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From day one Year 7 are thrown into a world of composition and performance, learning Iggy Pop on Ukulele and voice then composing their own music based around Camille Saint-Saëns’ Danse Macabre. Year 7 students will learn how to read music by playing the keyboard and will learn to use Garage Band and other music sequencing software.
Students will learn to use GCSE and BTEC terminology to describe the music they are performing and composing in preparation for the rest of Key Stage 3 to emerge in Key Stage 4 prepared for their further studies.
In Year 8 students will build on the skills learned in Year 7. They will use their ability to read music to play and compose popular songs using chords commonly found in pop music. At this stage students are invited to branch out from keyboard and ukulele and try the guitar.
Year 8 students will also learn about Theme and Variation by taking concepts learned during the performance elements and compose their own variations of a pop song.
For their second project, students will learn to compose a minimalist piece of music using loops and written passages of music to develop their work.
In Year 9 students start by learning about film music and the compositional techniques that are common in the industry – by learning the key words and applying them to their work they are able to build their knowledge in preparation for BTEC in Year 10.
Students will also learn about Blues Music through performance – this module is essential for preparing for the performance and music industry elements of the BTEC qualification.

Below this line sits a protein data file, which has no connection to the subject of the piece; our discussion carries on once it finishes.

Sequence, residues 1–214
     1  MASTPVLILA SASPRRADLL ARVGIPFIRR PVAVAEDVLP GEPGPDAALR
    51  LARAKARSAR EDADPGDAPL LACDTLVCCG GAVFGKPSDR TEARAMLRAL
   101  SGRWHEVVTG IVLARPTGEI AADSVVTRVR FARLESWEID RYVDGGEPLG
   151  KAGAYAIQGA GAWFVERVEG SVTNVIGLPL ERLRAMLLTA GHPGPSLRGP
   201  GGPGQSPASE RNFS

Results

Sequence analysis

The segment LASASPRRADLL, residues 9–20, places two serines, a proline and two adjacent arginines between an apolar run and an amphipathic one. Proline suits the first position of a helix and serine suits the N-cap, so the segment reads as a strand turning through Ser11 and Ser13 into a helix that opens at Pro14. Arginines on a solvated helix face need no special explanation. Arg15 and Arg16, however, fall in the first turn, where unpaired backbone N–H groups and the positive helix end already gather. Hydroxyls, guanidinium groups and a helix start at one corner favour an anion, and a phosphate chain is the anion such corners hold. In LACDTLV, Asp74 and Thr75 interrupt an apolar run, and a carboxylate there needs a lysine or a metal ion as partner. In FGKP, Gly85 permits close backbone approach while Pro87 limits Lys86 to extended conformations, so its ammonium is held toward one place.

Students in Year 10 start their two year journey along the BTEC Music path. For the first half of the year they will use their skills in performance, composition and appraising to explore music products and styles and complete their first research product.
In the second half of the year students will develop their music skills in preparation for their second assignment – to use their musical knowledge, skills and techniques and apply them to the development of a music product.
Year 11 will start with a continuation of developing students music skills – depending on the brief they have chosen, students will perform, manage and produce their music product to be internally assessed.
The final part of the course involves responding to a brief where students can choose to either perform, compose, or produce a piece of music in response to a brief – this unit is evidence based and externally assessed.
OCR GCSE Music
If you would like any further information about the curriculum in music, please email James Withington (Curriculum Leader for Music)